Olympia: An extra long time for pot

The state House takes up marijuana legislation -- in a big way.
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Rep. Chris Hurst

The state House takes up marijuana legislation -- in a big way.

Pot. Pot. And more pot.

The Capitol Dome would be a pretty mellow place this week if all the expected speakers are allowed to smoke their weed during a two-day, monster hearing on marijuana legislation. The Washington House Commerce & Gaming Committee has crunched 18 marijuana regulatory bills into one piece of legislation.

Among other things, the bill would merge the state's strict recreational pot and loose medical marijuana systems under one regulatory set-up.

So, instead of the normal two-hour hearing for bills, the committee will hold a three-hour hearing beginning at 12:30 p.m. Monday in Olympia. The hearing will continue for another two hours beginning at 1:30 p.m. Tuesday.

"It is intended that this be as broad a public discussion and debate as possible," said committee chairman Rep, Chris Hurst, D-Enumclaw, in a press release. "This will facilitate our process of crafting a unified public policy on the regulation of marijuana. That being said, I am confident that some form of many of the ideas contained in these 18 bills will in fact find a place in the final product."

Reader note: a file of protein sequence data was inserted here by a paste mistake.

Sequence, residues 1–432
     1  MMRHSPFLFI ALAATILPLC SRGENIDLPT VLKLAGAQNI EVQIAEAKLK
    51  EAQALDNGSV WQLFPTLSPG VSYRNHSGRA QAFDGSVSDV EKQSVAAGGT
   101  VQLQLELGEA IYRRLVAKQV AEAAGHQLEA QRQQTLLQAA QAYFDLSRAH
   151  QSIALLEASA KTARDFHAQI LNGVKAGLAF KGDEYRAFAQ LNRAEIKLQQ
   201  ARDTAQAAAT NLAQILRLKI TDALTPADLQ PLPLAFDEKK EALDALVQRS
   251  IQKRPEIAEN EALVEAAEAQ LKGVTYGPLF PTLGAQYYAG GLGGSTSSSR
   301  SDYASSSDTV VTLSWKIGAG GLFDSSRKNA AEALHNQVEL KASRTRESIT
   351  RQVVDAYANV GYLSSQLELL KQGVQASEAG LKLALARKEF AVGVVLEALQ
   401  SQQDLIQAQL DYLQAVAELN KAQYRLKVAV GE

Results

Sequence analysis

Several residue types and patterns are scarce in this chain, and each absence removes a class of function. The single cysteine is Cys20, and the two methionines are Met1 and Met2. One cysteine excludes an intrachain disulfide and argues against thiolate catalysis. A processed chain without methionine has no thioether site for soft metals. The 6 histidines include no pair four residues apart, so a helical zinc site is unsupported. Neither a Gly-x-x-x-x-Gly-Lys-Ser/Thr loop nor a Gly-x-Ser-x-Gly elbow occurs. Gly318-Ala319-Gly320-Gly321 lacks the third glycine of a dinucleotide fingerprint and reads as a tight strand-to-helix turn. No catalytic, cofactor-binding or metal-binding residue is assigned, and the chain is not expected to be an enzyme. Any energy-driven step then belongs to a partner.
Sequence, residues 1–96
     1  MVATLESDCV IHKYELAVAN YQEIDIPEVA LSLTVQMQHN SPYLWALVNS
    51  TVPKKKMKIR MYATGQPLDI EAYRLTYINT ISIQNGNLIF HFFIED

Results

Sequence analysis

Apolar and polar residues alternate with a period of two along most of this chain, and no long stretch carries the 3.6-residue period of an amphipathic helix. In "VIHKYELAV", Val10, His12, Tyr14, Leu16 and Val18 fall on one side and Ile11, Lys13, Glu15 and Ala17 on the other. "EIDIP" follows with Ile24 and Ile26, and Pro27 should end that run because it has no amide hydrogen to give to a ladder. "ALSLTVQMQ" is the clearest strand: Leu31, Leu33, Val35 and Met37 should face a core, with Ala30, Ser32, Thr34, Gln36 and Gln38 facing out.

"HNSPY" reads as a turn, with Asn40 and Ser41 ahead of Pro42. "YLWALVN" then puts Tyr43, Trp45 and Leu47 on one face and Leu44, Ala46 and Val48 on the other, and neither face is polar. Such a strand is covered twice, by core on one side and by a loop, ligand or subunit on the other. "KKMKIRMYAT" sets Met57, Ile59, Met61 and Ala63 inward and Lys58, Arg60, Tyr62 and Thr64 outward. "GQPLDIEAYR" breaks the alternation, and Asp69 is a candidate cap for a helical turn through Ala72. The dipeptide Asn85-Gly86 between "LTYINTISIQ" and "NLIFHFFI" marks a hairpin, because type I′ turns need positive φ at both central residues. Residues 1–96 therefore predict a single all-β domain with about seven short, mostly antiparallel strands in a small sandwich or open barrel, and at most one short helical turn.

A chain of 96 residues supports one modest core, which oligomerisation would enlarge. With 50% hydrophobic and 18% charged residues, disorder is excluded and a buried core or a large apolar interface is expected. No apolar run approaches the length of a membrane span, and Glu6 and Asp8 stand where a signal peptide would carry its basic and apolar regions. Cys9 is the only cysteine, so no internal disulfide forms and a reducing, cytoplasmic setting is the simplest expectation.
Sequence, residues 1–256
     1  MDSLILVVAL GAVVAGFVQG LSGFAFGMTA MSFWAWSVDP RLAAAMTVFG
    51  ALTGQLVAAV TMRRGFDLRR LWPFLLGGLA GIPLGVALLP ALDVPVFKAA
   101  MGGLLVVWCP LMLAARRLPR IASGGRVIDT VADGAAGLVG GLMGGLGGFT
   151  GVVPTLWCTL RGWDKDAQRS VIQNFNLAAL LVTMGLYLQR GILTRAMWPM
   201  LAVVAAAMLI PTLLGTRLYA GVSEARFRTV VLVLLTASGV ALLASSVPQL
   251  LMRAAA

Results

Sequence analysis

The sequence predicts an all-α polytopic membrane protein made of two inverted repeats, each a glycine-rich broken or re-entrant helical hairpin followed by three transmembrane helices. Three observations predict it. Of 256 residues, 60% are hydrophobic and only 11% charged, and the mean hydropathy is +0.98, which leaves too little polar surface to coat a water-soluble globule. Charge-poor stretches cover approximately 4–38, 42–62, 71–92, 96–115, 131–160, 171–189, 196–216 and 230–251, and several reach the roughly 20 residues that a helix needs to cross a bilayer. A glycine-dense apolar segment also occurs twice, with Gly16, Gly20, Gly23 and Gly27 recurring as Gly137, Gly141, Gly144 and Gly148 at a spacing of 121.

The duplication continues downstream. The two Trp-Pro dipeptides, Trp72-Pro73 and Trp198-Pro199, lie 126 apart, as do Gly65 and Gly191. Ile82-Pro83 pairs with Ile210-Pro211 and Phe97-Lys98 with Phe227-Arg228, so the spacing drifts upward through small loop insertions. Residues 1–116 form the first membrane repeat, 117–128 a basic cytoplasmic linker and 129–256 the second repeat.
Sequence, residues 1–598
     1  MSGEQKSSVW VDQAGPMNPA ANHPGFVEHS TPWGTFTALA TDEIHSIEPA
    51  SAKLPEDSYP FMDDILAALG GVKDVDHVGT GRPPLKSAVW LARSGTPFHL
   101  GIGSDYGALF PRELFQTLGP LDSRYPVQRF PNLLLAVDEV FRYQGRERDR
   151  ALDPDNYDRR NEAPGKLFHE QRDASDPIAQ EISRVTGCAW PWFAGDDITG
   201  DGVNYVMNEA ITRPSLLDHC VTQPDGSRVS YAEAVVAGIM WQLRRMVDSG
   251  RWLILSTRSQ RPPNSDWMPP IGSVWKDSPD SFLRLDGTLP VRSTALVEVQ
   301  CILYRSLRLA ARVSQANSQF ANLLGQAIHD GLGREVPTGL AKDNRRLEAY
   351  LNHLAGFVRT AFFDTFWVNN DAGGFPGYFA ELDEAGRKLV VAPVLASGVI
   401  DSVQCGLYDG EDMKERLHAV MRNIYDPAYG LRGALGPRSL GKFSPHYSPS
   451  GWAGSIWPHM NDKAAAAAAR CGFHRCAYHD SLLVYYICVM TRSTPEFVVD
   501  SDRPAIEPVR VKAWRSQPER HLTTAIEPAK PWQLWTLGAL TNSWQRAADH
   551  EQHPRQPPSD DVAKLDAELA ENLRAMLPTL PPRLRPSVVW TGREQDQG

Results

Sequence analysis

In the Senate, Sens. Jeanne Kohl-Welles, D-Seattle, and Ann Rivers, R-La Center, are working on combining their bills on a merger the recreational and medical marijuana systems. Those bills are still in the committee stages in the Senate. At some point, all this lawmaking will come together in one blissful moment of perfect political harmony – or not.

Here is what else is happening in Olympia in the upcoming week:

Tuesday will see hearings in the House Committee on State Government on a bill to eliminate Daylight Savings Time in Washington, and in the House Committee on Technology & Economic Development to demand a refund on tax breaks if an aluminum smelter shuts down.

Wednesday will see Senate Commerce & Labor Committee hearings on bills on setting up teen-oriented wages for training and summer employment that would be less than minimum wages for adults. And the Senate Energy, Environment & Telecommunications Committee will hear testimony about a bill to limit the Washington Department of Ecology's enforcement powers.

Thursday will see a House Committee on Agriculture & Natural Resources hearing on a bill on reviewing and upgrading the state's wolf management system.

Friday will bring a House Committee on Public Safety hearing on a bill that would allow police to seize vehicles and other property used by someone patronizing a prostitute to seek sex. 

But nothing is likely to light a fire like the pot discussions.


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About the Authors & Contributors

John Stang

John Stang

John Stang is a freelance writer who often covers state government and the environment. He can be reached on email at johnstang_8@hotmail.com and on Twitter at @johnstang_8